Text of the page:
Remember when the Beto boom first got underway a while back, and, like clockwork, Sanders supporters swarmed out of the woodwork to hammer the former Texas congressman as a neo-con stooge? Remember when mostly the same cast of characters launched the “Kamala is a cop” attacks?
Those criticisms had a coordinated feel to them. They originated from Sanders supporters, and sure enough, when Sanders announced he was running, some of those same folks took on significant roles in his campaign. Maybe that telegraphs another scorched-earth strategy in the Democratic primary, though Sanders vows he’ll play nice.
I’ve been thinking about what this means for primary beyond Sanders. I’ll re-state my bias up front: Sanders is a special case, a cuckoo chick hatched in the Democratic Party nest who squawks the loudest and attempts to eject the other eggs when the parent birds turn their backs.
But I worry that the same brand of factionalism has infected politics more broadly. I am concerned that the disinformation and coordinated attacks that were amplified to smear Clinton in 2016 and O’Rourke and Harris more recently are now a permanent feature of our politics.
Buttigieg has been in the barrel lately. Some of that comes from the Sanders people, but not all. Some of it seems to be an organic reaction to the media attention Buttigieg has received, rooted in genuine disagreement with his approach. His record, writing, campaign speeches, etc., should be scrutinized and criticized where warranted. But IMO, a lot of the criticism, especially on Twitter, is drive-by bullshit, cherry-picked to make Buttigieg look bad while material from the same sources is ignored because it doesn’t support the reader/listener’s agenda.
Joe Biden is likewise coming in for a ton of criticism lately. He was the subject of recent articles about his Senate record (treatment of Anita Hill, lead role in the crime bill, bankruptcy legislation, etc.) plus an account from Lucy Flores, who says she was on the receiving end of creepy behavior. Biden’s spokesman blames right-wing trolls for smearing Biden, and the usual suspects are hypocritically making hay of the controversy despite being supporters of the grotesque groper in the White House.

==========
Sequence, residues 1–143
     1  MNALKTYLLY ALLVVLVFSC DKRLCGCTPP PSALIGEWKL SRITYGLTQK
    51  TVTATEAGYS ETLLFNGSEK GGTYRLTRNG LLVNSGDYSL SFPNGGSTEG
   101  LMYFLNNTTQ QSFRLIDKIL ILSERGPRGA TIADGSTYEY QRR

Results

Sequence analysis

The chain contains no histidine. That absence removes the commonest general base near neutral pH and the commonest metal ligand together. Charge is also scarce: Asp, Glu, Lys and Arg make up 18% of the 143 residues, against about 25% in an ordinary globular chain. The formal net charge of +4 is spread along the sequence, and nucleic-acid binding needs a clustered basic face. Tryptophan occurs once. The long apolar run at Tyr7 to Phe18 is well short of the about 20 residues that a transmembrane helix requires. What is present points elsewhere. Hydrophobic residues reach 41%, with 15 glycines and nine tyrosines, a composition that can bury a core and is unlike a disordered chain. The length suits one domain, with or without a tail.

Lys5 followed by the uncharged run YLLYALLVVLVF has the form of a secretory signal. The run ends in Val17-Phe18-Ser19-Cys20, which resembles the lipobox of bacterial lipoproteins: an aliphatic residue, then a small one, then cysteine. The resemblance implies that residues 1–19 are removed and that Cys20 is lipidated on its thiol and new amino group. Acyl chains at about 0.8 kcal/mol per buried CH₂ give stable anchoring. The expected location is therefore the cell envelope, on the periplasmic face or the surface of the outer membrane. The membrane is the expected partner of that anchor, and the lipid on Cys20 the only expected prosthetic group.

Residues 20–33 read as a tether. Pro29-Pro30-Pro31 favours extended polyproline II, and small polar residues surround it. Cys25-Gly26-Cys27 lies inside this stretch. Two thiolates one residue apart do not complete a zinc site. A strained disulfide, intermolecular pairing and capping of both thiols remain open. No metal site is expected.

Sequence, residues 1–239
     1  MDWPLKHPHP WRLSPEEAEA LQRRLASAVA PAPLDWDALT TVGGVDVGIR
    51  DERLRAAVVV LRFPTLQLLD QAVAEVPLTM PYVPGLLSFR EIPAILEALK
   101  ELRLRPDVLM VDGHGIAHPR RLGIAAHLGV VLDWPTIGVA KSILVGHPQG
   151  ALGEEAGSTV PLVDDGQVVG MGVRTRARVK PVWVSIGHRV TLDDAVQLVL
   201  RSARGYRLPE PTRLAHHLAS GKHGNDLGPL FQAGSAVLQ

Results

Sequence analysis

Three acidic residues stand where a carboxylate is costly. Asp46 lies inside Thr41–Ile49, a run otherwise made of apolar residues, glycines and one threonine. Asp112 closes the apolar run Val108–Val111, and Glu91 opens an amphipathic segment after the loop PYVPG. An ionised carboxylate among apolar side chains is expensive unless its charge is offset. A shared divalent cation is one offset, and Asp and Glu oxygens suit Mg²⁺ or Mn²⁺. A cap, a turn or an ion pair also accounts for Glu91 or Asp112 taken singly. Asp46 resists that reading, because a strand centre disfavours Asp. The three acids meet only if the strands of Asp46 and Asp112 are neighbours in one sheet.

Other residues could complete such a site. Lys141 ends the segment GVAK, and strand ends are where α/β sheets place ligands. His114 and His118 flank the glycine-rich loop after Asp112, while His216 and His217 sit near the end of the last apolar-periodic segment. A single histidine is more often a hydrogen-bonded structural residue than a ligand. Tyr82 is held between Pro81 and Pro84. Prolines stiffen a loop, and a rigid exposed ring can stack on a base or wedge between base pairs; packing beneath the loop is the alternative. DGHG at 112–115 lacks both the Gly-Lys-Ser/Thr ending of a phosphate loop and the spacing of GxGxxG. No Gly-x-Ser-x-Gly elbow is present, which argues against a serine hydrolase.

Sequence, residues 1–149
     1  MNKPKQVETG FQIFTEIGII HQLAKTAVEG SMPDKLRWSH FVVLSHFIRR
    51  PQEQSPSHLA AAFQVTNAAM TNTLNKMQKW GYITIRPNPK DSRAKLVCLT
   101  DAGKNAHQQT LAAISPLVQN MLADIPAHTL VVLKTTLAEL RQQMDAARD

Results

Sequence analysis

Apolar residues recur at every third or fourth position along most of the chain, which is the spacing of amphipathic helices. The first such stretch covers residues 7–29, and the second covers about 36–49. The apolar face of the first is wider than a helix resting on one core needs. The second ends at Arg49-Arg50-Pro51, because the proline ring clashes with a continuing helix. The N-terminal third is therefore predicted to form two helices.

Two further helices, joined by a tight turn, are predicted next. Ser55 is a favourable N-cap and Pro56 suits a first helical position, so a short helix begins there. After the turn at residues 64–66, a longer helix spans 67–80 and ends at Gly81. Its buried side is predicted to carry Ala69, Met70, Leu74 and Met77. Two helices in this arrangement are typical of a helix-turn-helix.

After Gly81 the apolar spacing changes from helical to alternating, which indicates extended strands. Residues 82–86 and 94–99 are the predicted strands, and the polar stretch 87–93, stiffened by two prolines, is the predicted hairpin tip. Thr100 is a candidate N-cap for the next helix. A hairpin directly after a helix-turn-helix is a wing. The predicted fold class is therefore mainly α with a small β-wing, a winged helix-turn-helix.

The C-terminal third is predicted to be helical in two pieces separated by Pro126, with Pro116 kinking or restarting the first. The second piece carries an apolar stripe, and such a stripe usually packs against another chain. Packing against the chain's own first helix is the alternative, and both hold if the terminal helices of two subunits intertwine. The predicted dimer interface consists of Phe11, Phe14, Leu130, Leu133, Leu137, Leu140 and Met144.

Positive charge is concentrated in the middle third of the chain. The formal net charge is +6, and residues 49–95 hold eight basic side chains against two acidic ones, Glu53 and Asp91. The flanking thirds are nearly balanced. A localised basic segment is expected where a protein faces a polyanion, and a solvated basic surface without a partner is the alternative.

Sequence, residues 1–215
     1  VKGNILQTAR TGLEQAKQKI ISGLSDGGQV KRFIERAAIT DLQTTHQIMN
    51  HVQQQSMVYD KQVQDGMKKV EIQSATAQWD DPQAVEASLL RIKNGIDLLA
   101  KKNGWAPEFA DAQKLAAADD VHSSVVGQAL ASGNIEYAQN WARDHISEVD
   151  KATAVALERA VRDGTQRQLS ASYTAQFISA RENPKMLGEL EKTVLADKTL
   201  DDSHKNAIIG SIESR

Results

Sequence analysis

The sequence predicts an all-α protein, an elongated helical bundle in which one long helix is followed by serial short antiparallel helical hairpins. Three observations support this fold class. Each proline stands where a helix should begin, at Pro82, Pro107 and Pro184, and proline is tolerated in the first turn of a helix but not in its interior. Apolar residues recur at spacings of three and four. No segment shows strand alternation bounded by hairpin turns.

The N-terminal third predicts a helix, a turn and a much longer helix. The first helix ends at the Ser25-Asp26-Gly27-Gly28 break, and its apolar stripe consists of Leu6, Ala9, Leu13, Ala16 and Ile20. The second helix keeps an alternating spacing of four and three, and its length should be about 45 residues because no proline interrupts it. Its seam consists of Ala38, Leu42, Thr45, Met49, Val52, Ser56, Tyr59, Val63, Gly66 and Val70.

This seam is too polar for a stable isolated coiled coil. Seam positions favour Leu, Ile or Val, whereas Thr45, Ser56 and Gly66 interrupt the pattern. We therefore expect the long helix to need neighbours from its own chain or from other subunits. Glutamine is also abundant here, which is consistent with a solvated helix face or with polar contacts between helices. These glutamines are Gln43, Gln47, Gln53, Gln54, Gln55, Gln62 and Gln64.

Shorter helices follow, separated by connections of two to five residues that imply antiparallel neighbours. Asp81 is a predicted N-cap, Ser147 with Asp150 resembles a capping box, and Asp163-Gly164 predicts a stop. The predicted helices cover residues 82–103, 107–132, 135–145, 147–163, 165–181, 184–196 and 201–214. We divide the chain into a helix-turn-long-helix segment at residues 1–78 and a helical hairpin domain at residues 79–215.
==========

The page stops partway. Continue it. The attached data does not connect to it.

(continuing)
It’s not all wingnuts, though. Folks have been pointing out that Flores is a Sanders operative. Is it a hit job? I don’t know. I do know Biden’s overly familiar behavior around women has seemed vaguely icky to me for years. It’s not sexual harassment. He doesn’t mean any harm. But I get the handsy-older-relative-you-avoid vibe, which is a bad look in 2019.
So, here’s what I’m asking myself: Do I object to the Buttigieg criticism because I genuinely don’t find it credible or productive? Or am I responding that way due to my own bias as someone who likes Buttigieg and hopes to see more of him in national politics, if not in 2020 (he’s not my preferred candidate), in the future? Ditto Biden, whose time has passed, IMO, and whom I do not want to see bigfoot the 2020 race mostly on name recognition and undermine better candidates?
I think my rationales are sound, of course. Who doesn’t? But I also know that, like a newspaper editorial department, individuals select the things they focus on and choose what to ignore or downplay. There will always be subjectivity involved in those decisions, but good editors try to keep their eye on the larger picture and be fair. As a citizen, I want to be fair too. I’m struggling with how to be fair in assessing Democratic candidates and reactions to them. I think a lot of us will struggle with this in the next year and a half.
Another thing I’m trying to work out is if these really are different times — more tribal, acrimonious, subject to meme-generation and social media manipulation, etc. — or is it just the same old bullshit on different platforms? Lord knows the 2008 primary was one of the ugliest I can recall, but it’s possible 2016 changed the fundamentals in ways we haven’t fully reckoned with yet since candidate “dirt” (organic and trollery) can be disseminated instantly — without context — and cross the chasm to the mainstream press.
So, to return to the title question, can we get through the 2020 primary without losing our minds? I sure hope so, but the early signs are not encouraging. Maybe we can brainstorm and come up with some ideas.
The other day, WaterGirl suggested having an occasional thread where people can make a positive case for their preferred candidates without running their opponents down. I think that’s a good idea but maybe impossible to enforce. Arguing about politics is a big part of what we do here — and part of what makes this place entertaining, enlightening — and sometimes infuriating.
One thing I’m going to try to do going forward is examine my biases, be open about them and provide a broader context around things that inform my opinions. If I disagree with Candidate A’s stance on Issue B, I’ll not only say that, I’ll include quotes from Candidate A and a link to my source rather than just my interpretation.
In the future, I will also try not to be immediately suspicious of the motives of folks who criticize candidates I like. Since I am naturally paranoid and still suffering from 2016 PTSD, I will probably fail at that. A lot. But I think it’s worth a shot.
What do you think?